"I had to become familiar with the work and take direct responsibility for performance within a very short period of time," Wu says, adding that all of the posts to which he was assigned during his training involved real operations and not merely training exercises. Additionally, due to the relatively short period spent in each department during his training, "showing a sense of responsibility, a willingness to learn and superior social skills became even more important," Wu says, adding that the best practical experience leading to quick growth was learning how to avoid being a burden and to make a substantive contribution in each of the departments he served.

Following several months in various departments, Wu gained a thorough understanding of the processes and inner working of the various units involved in corporate finance, leaving him better able to set ego and self aside in pondering business matters.

Hands-on Supervisors Pass On Their Wisdom

Actually, the 10 year-old IG program has not always been so successful, and it wasn't until three years ago that the whole thing underwent a shakeup.

Newly assuming the helm was Helen Hui, Standard Taiwan's managing director and head for origination and client coverage in wholesale banking, who, as a top woman executive is a relative rarity at Standard.

Transferring to Taiwan from Hong Kong in 2005, Hui's first direct observation was, "The veterans were retiring and there was a gap in new talent coming in," she says. Meanwhile, there was a personnel gap for the enormous task of integration following the Hsin Chu Commercial Bank acquisition, so Hui set her sights on revamping the IG system to focus resources on training a high-potential elite.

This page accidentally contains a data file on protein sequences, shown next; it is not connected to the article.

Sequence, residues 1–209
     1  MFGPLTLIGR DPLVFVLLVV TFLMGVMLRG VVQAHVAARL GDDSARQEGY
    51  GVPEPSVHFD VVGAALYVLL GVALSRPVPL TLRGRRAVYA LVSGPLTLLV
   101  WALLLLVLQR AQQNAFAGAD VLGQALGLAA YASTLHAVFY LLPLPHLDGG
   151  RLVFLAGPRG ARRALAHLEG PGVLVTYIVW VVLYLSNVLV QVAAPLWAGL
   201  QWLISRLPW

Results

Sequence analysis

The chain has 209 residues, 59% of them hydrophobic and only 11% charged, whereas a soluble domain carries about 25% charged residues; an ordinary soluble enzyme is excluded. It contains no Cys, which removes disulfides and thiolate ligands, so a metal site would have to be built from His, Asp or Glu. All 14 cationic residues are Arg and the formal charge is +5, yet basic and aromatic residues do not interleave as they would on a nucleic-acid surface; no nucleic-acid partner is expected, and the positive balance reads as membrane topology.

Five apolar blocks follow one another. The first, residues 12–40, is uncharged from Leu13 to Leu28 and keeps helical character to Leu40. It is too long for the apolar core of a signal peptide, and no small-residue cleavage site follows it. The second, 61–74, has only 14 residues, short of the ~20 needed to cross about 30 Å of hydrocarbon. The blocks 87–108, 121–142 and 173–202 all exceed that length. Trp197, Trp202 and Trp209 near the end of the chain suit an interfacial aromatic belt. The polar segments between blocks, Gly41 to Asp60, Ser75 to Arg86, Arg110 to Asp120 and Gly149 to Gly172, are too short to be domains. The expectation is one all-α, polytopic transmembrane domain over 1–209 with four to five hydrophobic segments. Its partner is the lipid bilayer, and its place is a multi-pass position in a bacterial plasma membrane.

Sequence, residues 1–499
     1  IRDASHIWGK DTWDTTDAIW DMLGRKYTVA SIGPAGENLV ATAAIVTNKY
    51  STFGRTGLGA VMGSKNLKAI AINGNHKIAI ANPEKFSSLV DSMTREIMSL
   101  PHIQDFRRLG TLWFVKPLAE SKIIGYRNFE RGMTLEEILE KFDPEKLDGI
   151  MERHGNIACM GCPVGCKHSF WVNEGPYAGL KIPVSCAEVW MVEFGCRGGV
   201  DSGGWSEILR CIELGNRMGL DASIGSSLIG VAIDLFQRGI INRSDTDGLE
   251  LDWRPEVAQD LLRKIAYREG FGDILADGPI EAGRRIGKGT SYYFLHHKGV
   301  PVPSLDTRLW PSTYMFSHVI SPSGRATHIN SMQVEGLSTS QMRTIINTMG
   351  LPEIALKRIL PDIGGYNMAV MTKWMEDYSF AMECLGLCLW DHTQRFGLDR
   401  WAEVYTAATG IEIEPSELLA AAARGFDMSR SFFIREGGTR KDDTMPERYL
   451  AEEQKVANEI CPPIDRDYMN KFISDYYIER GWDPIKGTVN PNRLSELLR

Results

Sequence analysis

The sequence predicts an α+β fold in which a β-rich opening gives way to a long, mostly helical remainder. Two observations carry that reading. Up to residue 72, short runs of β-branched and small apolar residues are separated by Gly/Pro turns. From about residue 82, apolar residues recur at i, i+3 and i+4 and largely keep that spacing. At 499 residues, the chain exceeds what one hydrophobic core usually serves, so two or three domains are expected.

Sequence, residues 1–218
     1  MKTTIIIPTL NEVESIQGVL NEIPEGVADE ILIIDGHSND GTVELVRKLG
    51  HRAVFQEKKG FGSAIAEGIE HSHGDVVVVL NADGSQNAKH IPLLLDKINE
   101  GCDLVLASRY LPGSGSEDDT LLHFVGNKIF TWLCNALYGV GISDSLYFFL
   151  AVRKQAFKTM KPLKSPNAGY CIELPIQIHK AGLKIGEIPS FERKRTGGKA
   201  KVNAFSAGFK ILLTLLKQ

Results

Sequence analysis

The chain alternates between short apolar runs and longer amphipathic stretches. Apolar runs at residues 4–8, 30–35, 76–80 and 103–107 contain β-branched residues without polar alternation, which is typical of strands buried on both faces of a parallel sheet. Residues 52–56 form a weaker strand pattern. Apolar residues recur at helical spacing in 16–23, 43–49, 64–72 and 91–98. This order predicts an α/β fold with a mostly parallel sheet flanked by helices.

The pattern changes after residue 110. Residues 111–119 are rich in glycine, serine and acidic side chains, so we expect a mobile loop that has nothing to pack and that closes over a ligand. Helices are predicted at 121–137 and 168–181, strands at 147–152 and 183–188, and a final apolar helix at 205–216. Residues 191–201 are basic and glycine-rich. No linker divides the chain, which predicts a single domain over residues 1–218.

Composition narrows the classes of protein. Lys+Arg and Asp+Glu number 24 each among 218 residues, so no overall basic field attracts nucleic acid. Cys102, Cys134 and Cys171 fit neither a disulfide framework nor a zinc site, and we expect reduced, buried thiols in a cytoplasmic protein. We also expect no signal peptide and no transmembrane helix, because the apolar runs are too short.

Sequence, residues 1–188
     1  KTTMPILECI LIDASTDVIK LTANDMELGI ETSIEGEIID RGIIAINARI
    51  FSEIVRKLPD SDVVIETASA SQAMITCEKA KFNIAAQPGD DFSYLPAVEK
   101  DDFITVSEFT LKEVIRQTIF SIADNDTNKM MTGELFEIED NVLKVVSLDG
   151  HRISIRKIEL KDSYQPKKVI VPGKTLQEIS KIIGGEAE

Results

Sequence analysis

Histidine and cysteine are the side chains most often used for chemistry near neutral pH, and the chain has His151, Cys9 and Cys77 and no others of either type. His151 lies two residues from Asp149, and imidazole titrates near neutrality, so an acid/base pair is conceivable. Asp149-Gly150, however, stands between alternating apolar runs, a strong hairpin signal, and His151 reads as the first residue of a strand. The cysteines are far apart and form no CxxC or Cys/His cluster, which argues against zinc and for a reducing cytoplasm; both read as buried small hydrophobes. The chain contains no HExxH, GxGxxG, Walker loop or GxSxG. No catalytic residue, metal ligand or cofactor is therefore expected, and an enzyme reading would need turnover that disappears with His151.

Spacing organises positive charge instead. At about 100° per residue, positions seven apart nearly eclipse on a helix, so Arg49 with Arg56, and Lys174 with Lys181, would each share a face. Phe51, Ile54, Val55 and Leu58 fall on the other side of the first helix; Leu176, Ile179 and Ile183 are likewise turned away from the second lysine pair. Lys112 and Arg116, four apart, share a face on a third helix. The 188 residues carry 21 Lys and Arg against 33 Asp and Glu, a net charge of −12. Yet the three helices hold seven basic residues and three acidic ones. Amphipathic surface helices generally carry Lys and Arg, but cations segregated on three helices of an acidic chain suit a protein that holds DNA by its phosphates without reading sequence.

During the past three years, Standard has recruited 41 new IG trainee candidates with an average age of 28. Among those, Helen Hui's corporate finance department accounts for 24 candidates.

Unlike other programs where trainees are passed off to human resources or department heads to "oversee" their training, Hui, a top corporate officer, personally supervises the training of new IG candidates.

Despite having more than 400 employees under her supervision, Hui's top focus is on her 24 IG candidates. She not only is able to call each one by name, but also keeps abreast of each one's progress and holds regular monthly breakfasts with them to provide attentive, hands-on mentoring.

So why exactly is she so willing to expend so much effort on a group of newcomers who have barely contributed to the bank's bottom line?

"I was also once nurtured in this way," the bob-haired Hui says with a smile as she recalls her own training period and mentor. "Not only is early identification and nurturing of high-potential candidates a corporate necessity, the bonds forged between mentor and pupil can last a lifetime."

Hui still maintains contact with her old mentor from her days at Citibank. She recalls sending her old mentor an email to share her elation years ago when she first became a trainer for Standard. Her mentor sent one back reading: "I had tears in my eyes as I read your email. First, because you have really grown up. Second, because I have really grown old."

Even though the economy is tanking, Standard Chartered has not relaxed the pace of its employee training, and the selection process for the 2009 crop of IG candidates is now underway.

"During times of downturn, personnel training must be viewed as a long-term investment," Hui says. Neglecting personnel training is definitely not the thing to do in moments of decline and crisis, "because this is preparation for when things turn around."

Translated from the Chinese by Brian Kennedy


Chinese Version: 菁英培訓計劃,教導人才不NG